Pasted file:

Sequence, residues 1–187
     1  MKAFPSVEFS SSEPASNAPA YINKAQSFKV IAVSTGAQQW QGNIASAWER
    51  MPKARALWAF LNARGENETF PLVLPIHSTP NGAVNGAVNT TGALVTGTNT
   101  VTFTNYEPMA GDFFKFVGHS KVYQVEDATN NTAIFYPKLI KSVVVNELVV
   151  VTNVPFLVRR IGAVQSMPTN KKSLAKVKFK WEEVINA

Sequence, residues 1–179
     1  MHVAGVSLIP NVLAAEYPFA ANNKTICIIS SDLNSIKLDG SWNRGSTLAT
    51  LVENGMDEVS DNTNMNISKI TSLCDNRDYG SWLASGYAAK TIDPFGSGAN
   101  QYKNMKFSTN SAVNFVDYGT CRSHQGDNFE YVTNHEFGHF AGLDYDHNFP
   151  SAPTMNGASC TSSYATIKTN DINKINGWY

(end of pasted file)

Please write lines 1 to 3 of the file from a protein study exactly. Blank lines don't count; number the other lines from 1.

Sequence, residues 1–187
     1  MKAFPSVEFS SSEPASNAPA YINKAQSFKV IAVSTGAQQW QGNIASAWER
    51  MPKARALWAF LNARGENETF PLVLPIHSTP NGAVNGAVNT TGALVTGTNT